Electronic Curbcuts: Universal Access for Everyone
Published 12/22/99 in Access: Where, Who, How, & Why?
by Cynthia D. Waddell
This article is translated to Serbo-Croatian language by Jovana Milutinovich from Webhostinggeeks.com.
With the filing of the recent Americans with Disabilities Act (ADA) complaint against America Online for failure to provide accessibility to members of the blind community,  policymakers and designers of technology and communication networks are reminded about the need to address digital barriers created by inattention to accessible web design. Although it may seem that the World Wide Web has been like the Wild Wild West – where there are no laws and each frontier web site is on its own - there are significant legal and practical reasons for ensuring inclusion and functionality through accessible web design.
By accessible web design, I am referring to the benefits of Universal Design that ensure that all users can access the information on the web page:
Universal design calls for the development of information systems flexible enough to accommodate the needs of the broadest range of users of computers and telecommunications equipment, regardless of age or disability.
September 1994 National Information Infrastructure White Paper by Susan Brummel, entitled "People with Disabilities and the NII: Breaking Down Barriers, Building Choice." 
Unless a web site incorporates accessible web design elements, significant populations will be locked out as the World Wide Web rapidly advances from a text-based communication format to a robust, graphical format embracing audio and video clip tools. The good news is that accessible web design enables populations without state-of-the-art technology to access the web and its information resources. Does this mean that all problems will go away? Not necessarily. There will be issues of bandwidth, for example. But even assuming that we have solved the connectivity challenge, the bad news is that technology investments can become readily useless if the community cannot access the web because of the absence of accessible web design features.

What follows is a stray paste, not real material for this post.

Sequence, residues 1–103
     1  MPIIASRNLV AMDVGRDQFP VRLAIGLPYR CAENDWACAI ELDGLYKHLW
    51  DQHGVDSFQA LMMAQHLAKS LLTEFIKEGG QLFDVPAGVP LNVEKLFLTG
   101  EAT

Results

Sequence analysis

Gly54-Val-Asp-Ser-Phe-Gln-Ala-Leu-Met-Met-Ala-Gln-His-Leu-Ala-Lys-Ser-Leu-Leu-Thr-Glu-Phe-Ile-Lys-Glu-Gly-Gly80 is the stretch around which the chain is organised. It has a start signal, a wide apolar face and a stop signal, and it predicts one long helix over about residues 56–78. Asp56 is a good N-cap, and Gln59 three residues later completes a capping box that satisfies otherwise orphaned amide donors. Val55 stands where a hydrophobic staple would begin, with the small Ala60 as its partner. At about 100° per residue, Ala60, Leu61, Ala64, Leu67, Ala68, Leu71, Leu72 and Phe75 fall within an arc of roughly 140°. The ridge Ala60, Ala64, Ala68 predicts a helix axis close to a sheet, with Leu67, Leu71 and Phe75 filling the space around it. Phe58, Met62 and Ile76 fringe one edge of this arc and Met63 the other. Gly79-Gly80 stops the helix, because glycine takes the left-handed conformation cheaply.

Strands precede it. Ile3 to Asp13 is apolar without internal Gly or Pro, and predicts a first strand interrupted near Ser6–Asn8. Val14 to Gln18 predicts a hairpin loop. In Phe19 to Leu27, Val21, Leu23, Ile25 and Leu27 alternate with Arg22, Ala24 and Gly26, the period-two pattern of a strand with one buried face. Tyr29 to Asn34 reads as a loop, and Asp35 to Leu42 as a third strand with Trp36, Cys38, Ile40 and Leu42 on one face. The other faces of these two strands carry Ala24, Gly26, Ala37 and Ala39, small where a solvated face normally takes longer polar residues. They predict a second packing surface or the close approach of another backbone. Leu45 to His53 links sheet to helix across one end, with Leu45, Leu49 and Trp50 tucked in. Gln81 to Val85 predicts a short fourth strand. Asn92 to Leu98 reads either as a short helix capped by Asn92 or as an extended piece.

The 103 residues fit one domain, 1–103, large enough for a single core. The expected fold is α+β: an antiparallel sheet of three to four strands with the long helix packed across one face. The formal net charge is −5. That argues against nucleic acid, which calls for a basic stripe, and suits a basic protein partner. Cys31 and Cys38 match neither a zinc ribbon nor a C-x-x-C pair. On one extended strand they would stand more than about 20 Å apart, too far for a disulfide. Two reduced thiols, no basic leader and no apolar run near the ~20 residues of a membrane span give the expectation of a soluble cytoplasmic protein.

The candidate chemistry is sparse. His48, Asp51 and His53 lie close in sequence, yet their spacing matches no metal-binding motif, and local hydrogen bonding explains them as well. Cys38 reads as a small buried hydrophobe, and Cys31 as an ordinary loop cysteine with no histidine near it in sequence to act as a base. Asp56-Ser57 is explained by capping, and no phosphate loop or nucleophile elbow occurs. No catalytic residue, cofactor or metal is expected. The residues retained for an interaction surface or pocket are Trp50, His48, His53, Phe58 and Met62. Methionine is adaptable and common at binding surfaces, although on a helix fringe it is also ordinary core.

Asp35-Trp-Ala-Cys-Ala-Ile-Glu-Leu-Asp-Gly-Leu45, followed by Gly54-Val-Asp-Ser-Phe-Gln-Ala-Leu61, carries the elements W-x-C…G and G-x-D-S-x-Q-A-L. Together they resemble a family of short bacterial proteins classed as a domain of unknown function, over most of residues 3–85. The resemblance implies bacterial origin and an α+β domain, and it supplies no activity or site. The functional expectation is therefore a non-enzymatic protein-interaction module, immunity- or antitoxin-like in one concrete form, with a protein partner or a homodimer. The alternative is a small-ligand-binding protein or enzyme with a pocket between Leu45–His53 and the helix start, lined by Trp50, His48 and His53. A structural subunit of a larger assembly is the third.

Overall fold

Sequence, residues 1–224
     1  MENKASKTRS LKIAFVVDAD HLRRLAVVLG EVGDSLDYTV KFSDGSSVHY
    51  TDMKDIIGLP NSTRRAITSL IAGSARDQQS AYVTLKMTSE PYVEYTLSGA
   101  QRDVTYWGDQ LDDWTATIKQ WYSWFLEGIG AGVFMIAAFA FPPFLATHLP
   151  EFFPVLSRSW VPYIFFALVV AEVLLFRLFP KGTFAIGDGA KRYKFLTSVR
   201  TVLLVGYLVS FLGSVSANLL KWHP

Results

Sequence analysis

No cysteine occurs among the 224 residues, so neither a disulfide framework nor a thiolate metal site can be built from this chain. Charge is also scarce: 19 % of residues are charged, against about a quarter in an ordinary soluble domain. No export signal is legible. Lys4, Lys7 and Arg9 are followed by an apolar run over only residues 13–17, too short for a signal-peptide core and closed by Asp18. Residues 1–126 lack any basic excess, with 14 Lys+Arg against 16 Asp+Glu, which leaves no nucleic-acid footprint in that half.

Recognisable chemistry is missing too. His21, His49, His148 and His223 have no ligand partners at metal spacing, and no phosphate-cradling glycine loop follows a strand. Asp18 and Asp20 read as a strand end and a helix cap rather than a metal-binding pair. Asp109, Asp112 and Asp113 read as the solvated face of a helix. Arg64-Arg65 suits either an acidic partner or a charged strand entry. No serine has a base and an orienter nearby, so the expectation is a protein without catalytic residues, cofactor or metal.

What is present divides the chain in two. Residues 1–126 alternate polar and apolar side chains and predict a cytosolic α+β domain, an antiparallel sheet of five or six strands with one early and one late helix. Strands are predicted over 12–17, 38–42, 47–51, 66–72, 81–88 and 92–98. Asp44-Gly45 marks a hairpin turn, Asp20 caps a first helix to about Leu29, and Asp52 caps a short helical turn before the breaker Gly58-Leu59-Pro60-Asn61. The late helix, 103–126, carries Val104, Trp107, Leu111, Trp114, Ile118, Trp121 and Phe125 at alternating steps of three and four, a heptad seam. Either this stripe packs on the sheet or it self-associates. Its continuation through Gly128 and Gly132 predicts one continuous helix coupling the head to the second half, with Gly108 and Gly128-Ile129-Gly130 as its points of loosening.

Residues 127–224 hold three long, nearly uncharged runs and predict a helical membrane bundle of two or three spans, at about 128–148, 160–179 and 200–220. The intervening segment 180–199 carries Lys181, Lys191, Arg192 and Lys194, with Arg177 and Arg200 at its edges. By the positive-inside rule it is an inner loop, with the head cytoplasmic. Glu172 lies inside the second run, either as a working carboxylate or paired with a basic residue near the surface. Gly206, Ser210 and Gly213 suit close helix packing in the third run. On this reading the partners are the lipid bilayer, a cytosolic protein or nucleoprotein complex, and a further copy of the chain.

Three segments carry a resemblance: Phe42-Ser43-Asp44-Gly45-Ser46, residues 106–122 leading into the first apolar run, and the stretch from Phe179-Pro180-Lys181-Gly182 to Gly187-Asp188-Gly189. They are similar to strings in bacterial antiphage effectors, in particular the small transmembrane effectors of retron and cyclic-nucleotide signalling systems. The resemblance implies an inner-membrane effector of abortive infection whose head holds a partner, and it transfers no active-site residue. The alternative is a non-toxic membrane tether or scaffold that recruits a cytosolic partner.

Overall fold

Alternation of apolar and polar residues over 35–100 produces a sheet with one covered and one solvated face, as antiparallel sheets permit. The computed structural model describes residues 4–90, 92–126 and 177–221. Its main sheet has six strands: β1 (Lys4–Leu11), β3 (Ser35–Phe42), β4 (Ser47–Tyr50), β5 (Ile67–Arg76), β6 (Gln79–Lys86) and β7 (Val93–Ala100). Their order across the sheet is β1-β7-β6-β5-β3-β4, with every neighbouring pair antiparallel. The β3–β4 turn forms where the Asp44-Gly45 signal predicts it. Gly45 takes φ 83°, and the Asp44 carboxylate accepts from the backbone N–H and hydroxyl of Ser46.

Accessible Web Design and Inclusion
As the Disability Access Coordinator for the City of San Jose, California, I am responsible for citywide compliance with state and federal disability access laws. The problem of inaccessible web sites first came to my attention in 1995 when a blind City Commissioner filed an ADA complaint in my office. The Commissioner complained that she could not access City Council documents as part of her advisory role to City Council since the documents were posted in portable document format (PDF).
The Commissioner’s screenreader was unable to access the documents since the text was hidden within the PDF image, which is effectively inaccessible to her screenreader. Screenreaders are an extremely helpful form of assistive computer technology, since web pages coded for accessible web design can be converted into Braille or synthesized speech by a screen reader audibly reading the page out loud to the user.
The problem for screenreaders is that inaccessible web page design either hides the text within images, frames, applets or animated gifs or renders the text unintelligently in table, columnar, or portable document format. Even on-line forms are inaccessible especially when they have been designed to prevent keyboard navigation and input. Whether the form is posted for school or event registration or on-line banking or shopping transactions, people with visual and/or mobility disabilities are faced with a significant barrier to participation.
But the impact is not limited to people with visual and mobility disabilities. People with specific learning disabilities are also finding that they can no longer access web pages audibly with screenreaders. Even people with cognitive disabilities are becoming lost due to the absence of navigation elements at web sites. Moreover, people with hearing disabilities cannot access the content of audiostreaming and videoclips posted on the Internet due to the absence of captioning.